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Chamber
PERFORMER AS PROMOTER: CLARA SCHUMANN AND MUSICAL SALONS CLOSE VOM FESTIVAL
by Pamela Hicks Gailey
Sunday, July 28, 2019
The July 28 closing performance of the Valley of the Moon Chamber Music Festival could have been subtitled "Friends", as it was devoted to works by both Clara and Robert Schumann, and those of their friends and protégés Brahms and virtuoso violinist Joseph Joachim, with whom Clara toured extensively...
Chamber
ROMANTIC CHAMBER WORKS HIGHLIGHT VOM FESTIVAL AT HANNA CENTER
by Sonia Morse Tubridy
Saturday, July 27, 2019
Now in its 5th season the Valley of the Moon Chamber Music Festival presented July 27 a concert titled “My Brilliant Sister,” featuring Fanny Mendelssohn Hensel’s compositions for combinations of voice, fortepiano and strings. Fanny and her brother Felix were close, and Felix occasionally published ...
Symphony
ROMANTIC DREAMS AT THE MENDOCINO MUSIC FESTIVAL
by Kayleen Asbo
Wednesday, July 24, 2019
Romanticism, contrary to many popular perceptions, wasn’t simply about diving into the habitat of the heart. Romanticism began as a literary movement that elevated the power of nature as a transcendent force and sought with keen nostalgia to rediscover the wisdom of the past. The Romantics in both l...
Chamber
CHAUSSON CONCERTO SHINES IN A VISIONARY'S SALON
by Steve Osborn
Sunday, July 21, 2019
Ernest Chausson’s four-movement Concerto in D Major for Violin, Piano, and String Quartet (1891) is neither concerto nor sonata nor symphony, but it somehow manages to be all three, especially when played with fire and conviction by an accomplished soloist. Those incendiary and emotional elements w...
Chamber
EUROPEAN SALON MUSIC CAPTIVATES AT VOM FESTIVAL CONCERT
by Pamela Hicks Gailey
Sunday, July 21, 2019
Two stunning programs of 19th and 20th century chamber music were presented on July 21 and 28 as part of the Valley of the Moon Music Festival at the Hanna Center in Sonoma. Festival founders and directors pianist Eric Zivian and cellist Tanya Tompkins were both on hand to contribute brilliantly at ...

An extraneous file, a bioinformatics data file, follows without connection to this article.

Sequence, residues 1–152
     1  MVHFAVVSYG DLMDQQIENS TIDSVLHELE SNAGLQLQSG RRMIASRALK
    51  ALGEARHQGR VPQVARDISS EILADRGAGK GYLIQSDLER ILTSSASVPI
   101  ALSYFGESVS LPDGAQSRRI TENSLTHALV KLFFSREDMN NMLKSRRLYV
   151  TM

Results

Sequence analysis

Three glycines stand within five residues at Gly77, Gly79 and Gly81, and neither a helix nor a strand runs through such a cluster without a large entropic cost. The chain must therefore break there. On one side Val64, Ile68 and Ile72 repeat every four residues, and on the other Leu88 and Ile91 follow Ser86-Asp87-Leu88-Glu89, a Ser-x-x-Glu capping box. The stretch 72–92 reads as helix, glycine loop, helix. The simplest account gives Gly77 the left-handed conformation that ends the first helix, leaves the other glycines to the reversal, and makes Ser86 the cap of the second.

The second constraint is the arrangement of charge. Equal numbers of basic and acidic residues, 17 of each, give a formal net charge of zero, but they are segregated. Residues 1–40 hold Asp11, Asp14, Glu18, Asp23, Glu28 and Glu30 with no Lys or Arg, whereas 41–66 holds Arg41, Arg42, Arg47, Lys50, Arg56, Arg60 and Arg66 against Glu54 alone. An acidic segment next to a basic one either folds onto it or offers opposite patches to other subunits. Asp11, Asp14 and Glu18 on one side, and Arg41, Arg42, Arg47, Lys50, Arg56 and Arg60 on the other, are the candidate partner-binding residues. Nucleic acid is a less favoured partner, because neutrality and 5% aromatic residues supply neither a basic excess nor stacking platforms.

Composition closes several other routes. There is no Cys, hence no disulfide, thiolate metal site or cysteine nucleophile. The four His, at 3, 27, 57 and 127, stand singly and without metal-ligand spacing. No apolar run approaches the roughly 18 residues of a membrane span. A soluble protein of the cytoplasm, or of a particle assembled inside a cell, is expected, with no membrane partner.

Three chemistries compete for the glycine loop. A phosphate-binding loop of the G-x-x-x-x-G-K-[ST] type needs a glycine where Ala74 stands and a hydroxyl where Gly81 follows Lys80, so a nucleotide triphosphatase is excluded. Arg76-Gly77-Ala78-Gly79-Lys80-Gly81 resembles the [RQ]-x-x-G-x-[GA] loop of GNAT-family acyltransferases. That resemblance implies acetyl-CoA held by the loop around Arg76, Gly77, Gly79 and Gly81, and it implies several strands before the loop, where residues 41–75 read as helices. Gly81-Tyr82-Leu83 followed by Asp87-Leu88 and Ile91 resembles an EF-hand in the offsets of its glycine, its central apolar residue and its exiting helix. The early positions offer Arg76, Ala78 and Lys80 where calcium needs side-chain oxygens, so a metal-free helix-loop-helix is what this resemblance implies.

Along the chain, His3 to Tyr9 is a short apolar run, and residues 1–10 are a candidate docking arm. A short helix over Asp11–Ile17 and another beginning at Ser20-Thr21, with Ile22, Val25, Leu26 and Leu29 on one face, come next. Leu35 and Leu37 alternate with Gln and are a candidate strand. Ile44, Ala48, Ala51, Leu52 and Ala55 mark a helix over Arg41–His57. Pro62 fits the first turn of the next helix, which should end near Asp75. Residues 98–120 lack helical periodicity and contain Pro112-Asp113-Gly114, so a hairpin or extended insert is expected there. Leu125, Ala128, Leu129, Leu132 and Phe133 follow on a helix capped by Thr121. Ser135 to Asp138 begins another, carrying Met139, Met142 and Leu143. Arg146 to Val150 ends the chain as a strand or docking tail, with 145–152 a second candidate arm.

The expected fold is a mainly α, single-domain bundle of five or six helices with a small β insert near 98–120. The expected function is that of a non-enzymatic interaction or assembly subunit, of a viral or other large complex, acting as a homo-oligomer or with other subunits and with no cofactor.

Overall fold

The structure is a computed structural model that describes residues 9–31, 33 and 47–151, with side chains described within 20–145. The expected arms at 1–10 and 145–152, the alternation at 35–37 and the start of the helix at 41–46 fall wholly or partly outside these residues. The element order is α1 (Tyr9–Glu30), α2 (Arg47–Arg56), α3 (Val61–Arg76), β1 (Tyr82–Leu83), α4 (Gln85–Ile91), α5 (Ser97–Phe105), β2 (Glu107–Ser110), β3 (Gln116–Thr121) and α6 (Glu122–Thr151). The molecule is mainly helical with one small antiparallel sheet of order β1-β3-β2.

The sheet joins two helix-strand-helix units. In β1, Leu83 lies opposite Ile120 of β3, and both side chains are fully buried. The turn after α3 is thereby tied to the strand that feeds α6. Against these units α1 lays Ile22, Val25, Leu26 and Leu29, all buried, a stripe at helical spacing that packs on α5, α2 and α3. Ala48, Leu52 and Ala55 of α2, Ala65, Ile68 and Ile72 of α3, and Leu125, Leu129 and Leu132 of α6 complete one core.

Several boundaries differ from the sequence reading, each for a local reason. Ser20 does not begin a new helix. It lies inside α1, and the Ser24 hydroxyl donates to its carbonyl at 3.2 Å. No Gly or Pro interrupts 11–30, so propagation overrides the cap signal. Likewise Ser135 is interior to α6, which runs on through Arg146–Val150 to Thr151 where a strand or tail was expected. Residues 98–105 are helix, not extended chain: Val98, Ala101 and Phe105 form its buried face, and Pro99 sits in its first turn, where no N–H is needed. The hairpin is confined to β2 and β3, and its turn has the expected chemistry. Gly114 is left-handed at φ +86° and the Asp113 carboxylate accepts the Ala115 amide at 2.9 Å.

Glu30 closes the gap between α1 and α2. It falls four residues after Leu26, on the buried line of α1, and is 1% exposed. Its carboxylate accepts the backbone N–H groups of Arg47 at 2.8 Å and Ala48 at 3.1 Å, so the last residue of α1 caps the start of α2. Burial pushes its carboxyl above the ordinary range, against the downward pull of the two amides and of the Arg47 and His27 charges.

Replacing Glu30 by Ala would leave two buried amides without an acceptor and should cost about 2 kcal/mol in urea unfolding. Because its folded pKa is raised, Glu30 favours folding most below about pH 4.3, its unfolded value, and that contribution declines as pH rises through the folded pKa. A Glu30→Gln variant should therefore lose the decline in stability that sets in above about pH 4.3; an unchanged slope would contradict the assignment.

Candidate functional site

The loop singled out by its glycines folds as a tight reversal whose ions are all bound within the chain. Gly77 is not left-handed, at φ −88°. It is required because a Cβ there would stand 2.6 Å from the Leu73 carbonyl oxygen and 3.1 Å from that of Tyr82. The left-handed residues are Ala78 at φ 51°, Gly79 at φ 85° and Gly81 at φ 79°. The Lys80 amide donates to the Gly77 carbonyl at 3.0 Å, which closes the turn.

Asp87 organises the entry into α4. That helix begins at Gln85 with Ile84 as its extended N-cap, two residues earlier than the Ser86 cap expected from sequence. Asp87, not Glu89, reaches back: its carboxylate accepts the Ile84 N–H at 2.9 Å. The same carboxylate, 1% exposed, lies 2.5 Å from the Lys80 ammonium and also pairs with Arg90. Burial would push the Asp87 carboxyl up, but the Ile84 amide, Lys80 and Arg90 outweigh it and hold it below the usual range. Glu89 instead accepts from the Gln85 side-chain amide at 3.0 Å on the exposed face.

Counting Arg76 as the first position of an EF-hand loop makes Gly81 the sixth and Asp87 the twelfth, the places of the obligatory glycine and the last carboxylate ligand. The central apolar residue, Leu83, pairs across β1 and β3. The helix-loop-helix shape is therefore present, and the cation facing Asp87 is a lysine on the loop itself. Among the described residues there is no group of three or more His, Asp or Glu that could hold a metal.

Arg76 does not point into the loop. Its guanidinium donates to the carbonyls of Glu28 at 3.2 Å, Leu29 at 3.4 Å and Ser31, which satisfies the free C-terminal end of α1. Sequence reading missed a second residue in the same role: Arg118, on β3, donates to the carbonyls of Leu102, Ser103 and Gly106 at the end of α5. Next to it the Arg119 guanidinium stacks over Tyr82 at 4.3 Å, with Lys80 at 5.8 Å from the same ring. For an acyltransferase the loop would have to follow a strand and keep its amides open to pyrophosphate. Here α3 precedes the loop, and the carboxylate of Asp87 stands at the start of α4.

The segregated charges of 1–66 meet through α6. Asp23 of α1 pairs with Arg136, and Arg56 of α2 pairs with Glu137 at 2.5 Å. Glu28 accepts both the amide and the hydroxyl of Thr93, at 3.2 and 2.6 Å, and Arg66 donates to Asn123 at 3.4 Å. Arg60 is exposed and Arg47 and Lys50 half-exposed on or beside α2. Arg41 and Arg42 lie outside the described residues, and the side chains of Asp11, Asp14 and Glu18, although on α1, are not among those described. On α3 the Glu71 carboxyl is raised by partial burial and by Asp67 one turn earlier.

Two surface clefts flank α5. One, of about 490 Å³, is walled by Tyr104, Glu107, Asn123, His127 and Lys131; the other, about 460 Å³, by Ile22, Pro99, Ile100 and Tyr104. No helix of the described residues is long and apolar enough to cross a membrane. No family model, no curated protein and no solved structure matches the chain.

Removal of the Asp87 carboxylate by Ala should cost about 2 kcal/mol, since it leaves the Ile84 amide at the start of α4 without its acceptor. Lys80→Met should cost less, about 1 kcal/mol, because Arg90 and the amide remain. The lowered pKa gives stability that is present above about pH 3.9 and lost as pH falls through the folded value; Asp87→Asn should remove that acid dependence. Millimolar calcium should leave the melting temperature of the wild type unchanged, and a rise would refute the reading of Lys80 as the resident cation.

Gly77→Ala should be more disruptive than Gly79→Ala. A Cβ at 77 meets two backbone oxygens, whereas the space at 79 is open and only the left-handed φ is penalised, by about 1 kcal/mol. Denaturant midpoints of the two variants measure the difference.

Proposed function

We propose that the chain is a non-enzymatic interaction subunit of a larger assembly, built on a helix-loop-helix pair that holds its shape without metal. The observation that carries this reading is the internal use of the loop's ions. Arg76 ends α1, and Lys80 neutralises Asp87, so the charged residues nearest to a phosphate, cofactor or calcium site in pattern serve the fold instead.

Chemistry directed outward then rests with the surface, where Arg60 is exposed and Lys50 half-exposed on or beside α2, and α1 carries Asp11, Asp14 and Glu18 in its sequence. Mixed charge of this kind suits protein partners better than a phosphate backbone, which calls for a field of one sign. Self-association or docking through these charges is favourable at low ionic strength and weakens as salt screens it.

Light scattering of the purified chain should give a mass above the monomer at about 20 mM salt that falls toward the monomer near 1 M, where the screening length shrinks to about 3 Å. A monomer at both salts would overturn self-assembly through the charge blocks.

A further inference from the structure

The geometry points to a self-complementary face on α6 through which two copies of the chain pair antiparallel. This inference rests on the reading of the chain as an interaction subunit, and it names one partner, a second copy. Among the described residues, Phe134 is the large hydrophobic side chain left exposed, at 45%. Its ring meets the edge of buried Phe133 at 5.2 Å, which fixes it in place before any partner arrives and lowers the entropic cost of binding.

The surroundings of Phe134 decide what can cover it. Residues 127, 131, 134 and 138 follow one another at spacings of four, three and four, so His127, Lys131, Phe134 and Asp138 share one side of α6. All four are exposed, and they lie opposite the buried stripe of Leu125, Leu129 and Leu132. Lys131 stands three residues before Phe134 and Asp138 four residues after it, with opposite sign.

Chamber
ECLECTIC INSTRUMENTAL COMBINATIONS IN VOM FESTIVAL CONCERT
by Sonia Morse Tubridy
Saturday, July 20, 2019
A Lovely summer afternoon in Sonoma Valley, an excellent small concert hall, enthusiastic audience, exciting musicians and creative programming with interesting story lines. All these were combined July 20 at a Valley of the Moon Festival concert titled “An Italian in Paris.” This is the fifth seaso...
Opera
'ELIXIR' A WELCOME TONIC IN SPRIGHTLY ANNUAL MMF OPERA
by Terry McNeill
Friday, July 19, 2019
In most of the Mendocino Music Festival’s 33 seasons a single evening is given over to a staged opera, with bare bones sets, lighting, costumes, minimal cast and short length. No Wagner or Verdi here, no multiple acts and complicated production demands. Light and frothy are the usual, and so it wa...
Recital
PUNGENT WALTZES AND VIRTUOSITY IN LADEUR'S SLV RECITAL
by Terry McNeill
Wednesday, July 17, 2019
San Francisco based pianist Jeffrey LaDeur has become one of the most sought-after North Bay virtuosi, and cemented that reputation July 17 in a short but eclectic recital in Santa Rosa’s Spring Lake Village Chamber Music Series. Before 140 in the Village’s auditorium Mr. LaDeur began with Schubert...
Choral and Vocal
NOBLE BRAHMS REQUIEM PERFORMANCE CLOSES SONOMA BACH'S SEASON
by Pamela Hicks Gailey
Saturday, June 01, 2019
Sonoma Bach, conducted by Robert Worth, presented a truly grand finale to their 2018-19 "Light Out of Darkness" season in two sold out Schroeder Hall performances June 1 and 2. The program "A Human Requiem" was received rapturously with a well-deserved standing ovation for the main work, Brahms' ...
Chamber
THREE SONG CYCLES HIGHLIGHT VIBRANT SLV RECITAL
by Pamela Hicks-Gailey
Wednesday, May 08, 2019
An ambitious recital of vocal and piano music was presented May 8 at Santa Rosa’s Spring Lake Village by mezzo-soprano Kindra Scharich and pianist Jeffrey LaDeur. The duo engaged the enthusiastic audience with scholarly friendliness and artistry in performances of Beethoven's short cycle of six song...
CHORAL AND VOCAL REVIEW
Green Music Center / Friday, April 05, 2019
Tallis Scholars

Tallis Scholars

SISTINE CHAPEL INSPIRATION FOR THE TALLIS SCHOLARS IN WEILL HALL

by Sonia Morse Tubridy